Another observation. When people ask how God could punish Adam and Eve (and the rest of us) so harshly for doing something they could hardly have been expected to know was wrong, they seem to assume that Adam and Eve had no more moral intelligence than the average toddler. Thinking of Adam and Eve as harmless, totally naive children certainly makes God’s response seem overblown, like a father who has lost all patience with his kids. Wouldn’t a reasonable God have at least given His beloved children a second chance? Or at least rid the garden of the tree before they could encounter that danger? Why sentence your own creation to death for one “innocent mistake”?

Thinking about the sin of Adam and Eve as a naive mistake is off base. Innocence is not the same as ignorance. Consider what we actually know about the first couple: they were created in a perfect world and given dominion and freedom over the entire earth; they knew and spoke face to face with their perfect, loving, and good Creator God (Genesis 2:22). It is difficult to imagine the goodness and benevolence of God being any more fully on display for Adam and Eve to behold.

Yet, in spite of all of their blessings—in spite of God’s creating them and providing for them and loving them—Adam and Eve listened instead to the serpent, who directly contradicted what God had told them (Genesis 3:4–5). The serpent had done nothing to provide for Adam and Eve and nothing to love or care for them, and his words only contradicted the goodness of God they had experienced up to that point. Adam and Eve had no reason at all, as far as we know, to trust what the serpent said. Yet trust him they did, even though it meant rejecting what they did know about God’s provision and loving care. Indeed, their reason for rejecting God’s command was not an innocent mistake: Genesis 3:5–6 demonstrates that Adam and Eve saw the fruit as an opportunity to become “like God.”

This is truly shocking. Adam and Eve—grown adults, rulers of the earth, perfectly capable of understanding what it meant to obey or disobey the loving God who had given them everything they could possibly need—rejected that same God, in favor of the false promise of a serpent, who had given them not a single reason to trust him over God. This is not the mistake of a child in ignorance; this is the willful, intentional rebellion of the created against the Creator, a mutiny against the rightful Ruler of the universe. Adam and Eve were not artless babes misled into a regrettable choice; they were God’s own intelligent, morally accountable creation committing treason against Him. They knew what they were doing was wrong, and they did it anyway. It is hard to imagine an offense against a holy God that would be more deserving of death than this.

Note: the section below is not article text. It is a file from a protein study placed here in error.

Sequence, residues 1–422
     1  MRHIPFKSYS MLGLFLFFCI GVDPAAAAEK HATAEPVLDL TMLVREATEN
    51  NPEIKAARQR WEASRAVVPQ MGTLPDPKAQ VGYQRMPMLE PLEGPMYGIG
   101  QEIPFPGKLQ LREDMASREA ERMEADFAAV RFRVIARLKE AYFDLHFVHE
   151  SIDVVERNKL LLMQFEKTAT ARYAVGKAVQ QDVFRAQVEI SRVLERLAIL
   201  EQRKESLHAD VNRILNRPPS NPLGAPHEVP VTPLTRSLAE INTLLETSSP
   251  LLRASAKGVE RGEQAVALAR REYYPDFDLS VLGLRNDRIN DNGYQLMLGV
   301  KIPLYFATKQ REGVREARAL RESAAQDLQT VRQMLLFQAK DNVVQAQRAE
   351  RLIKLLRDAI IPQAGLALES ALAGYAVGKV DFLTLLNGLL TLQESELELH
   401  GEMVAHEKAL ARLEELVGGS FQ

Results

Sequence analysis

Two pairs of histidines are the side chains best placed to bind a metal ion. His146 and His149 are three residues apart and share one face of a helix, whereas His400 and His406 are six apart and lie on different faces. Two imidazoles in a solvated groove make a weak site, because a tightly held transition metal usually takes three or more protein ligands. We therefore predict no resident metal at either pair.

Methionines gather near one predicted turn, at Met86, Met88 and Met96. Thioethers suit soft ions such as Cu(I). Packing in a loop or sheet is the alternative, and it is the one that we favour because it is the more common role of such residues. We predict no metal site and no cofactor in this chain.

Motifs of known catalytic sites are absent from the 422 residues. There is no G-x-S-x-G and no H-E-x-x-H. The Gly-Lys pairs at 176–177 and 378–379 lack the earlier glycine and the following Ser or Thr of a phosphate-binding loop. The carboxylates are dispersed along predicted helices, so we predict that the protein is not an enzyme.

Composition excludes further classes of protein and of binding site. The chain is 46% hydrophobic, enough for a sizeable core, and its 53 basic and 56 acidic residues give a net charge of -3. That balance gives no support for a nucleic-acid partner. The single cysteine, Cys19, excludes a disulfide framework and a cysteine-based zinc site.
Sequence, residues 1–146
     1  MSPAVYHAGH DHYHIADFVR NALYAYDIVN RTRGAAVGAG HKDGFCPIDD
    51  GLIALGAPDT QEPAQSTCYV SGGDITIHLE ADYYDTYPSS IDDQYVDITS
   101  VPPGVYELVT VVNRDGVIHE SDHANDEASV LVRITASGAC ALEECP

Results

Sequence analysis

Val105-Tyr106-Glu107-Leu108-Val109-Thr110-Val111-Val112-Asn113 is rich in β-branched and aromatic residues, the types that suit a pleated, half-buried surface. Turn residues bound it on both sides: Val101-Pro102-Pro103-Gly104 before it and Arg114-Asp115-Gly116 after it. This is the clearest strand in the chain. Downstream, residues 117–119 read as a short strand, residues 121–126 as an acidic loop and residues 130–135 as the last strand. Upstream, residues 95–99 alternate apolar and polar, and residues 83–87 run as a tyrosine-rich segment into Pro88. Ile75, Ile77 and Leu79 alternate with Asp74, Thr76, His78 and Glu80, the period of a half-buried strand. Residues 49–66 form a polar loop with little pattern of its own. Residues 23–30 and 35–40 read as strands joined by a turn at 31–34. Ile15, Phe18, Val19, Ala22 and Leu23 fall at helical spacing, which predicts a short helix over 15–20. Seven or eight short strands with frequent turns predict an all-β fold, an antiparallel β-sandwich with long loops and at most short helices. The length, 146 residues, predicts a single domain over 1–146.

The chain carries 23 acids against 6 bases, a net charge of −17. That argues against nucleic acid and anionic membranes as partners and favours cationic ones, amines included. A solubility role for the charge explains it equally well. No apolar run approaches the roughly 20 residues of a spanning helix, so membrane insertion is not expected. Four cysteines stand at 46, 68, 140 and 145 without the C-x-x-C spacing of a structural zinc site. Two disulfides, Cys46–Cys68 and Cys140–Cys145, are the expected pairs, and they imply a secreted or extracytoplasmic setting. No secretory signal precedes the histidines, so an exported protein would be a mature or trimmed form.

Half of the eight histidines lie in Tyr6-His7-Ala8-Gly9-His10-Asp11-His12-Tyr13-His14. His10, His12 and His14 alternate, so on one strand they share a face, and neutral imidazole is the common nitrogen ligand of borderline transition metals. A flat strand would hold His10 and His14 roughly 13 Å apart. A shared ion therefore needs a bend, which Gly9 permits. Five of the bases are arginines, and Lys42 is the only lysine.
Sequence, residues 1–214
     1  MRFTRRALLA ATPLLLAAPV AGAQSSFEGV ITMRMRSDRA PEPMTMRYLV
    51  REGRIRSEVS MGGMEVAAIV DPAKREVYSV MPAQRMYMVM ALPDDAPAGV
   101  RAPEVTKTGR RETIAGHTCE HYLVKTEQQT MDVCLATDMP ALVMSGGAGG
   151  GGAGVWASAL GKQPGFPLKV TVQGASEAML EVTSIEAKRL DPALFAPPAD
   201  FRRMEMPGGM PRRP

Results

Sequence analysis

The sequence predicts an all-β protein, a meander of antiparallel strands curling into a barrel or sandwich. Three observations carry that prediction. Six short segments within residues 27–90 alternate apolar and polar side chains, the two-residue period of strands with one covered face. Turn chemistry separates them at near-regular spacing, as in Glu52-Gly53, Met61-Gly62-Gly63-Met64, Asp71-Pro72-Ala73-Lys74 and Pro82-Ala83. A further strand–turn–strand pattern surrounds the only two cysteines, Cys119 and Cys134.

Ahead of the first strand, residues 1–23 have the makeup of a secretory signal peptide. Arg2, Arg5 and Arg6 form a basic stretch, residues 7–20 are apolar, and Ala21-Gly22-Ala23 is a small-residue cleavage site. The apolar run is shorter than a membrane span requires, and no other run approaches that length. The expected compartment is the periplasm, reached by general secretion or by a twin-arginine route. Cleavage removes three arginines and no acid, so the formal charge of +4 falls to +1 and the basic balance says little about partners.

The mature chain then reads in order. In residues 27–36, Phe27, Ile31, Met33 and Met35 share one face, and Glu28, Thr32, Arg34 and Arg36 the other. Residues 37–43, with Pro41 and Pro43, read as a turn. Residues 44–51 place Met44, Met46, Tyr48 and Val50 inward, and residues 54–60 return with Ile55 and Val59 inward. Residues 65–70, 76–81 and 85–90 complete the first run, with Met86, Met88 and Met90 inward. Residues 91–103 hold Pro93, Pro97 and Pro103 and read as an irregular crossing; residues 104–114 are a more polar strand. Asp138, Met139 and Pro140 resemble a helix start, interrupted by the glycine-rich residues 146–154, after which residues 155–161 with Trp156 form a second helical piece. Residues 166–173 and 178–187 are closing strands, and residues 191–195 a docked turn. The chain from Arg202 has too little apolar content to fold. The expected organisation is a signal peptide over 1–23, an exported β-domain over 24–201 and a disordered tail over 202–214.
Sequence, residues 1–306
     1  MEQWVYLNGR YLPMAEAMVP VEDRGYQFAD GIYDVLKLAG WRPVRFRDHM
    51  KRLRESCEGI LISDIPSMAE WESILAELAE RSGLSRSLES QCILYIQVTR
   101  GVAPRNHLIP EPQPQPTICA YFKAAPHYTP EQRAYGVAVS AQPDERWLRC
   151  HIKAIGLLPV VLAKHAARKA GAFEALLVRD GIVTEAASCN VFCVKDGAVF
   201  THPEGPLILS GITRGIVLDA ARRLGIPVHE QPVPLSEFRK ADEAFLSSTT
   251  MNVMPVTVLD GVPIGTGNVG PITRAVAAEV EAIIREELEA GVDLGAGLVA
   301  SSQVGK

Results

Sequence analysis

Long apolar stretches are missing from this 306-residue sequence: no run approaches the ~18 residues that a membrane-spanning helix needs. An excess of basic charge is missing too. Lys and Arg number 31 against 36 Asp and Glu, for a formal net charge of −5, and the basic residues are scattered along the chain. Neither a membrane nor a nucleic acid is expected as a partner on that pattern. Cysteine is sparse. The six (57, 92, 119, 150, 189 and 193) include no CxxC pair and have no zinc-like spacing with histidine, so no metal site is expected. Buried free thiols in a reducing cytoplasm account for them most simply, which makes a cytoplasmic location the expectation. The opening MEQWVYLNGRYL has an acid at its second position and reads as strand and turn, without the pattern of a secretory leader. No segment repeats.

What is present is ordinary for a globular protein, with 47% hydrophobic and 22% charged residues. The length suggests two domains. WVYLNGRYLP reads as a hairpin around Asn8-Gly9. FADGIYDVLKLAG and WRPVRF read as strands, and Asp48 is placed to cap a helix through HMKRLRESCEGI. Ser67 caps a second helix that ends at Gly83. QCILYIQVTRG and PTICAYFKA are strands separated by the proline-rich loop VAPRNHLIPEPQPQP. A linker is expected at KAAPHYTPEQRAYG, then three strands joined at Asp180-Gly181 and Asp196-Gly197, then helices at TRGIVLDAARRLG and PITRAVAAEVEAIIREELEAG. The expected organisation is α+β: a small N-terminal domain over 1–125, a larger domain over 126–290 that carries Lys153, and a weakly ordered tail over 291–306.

In the end, we must come to think of Adam and Eve the way Scripture portrays them: as responsible, comprehending adults who rebelled against the authority of their Maker. They knew and understood that they were disobeying God, yet they ate of the fruit that was “a delight to the eyes, and . . . desirable to make one wise” (Genesis 3:6, NASB). This was not an accident or a mistake; it was a choice. And that is the reason that God was justified in sentencing them—and us—to death.

What is even more amazing is that, in spite of the defiance displayed by His own creation, God responded to their disobedience with a promise to redeem them. Genesis 3:15 contains the first expression of the gospel in the Bible, and it comes during the sentencing of the guilty in the garden: to the serpent, God said, “I will put enmity between you and the woman, and between your offspring and hers; he will crush your head, and you will strike his heel.” The good news of the gospel is that God has made a way for us to be restored through the work of Christ on the cross. Despite the tremendous evil displayed by Adam and Eve—and that which all of us have displayed ever since—God has reached out to us in love. That is very good news indeed.

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Questions about Genesis

Did Adam and Eve know what death was when God commanded them not to eat from the tree of knowledge?
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This page last updated: January 4, 2022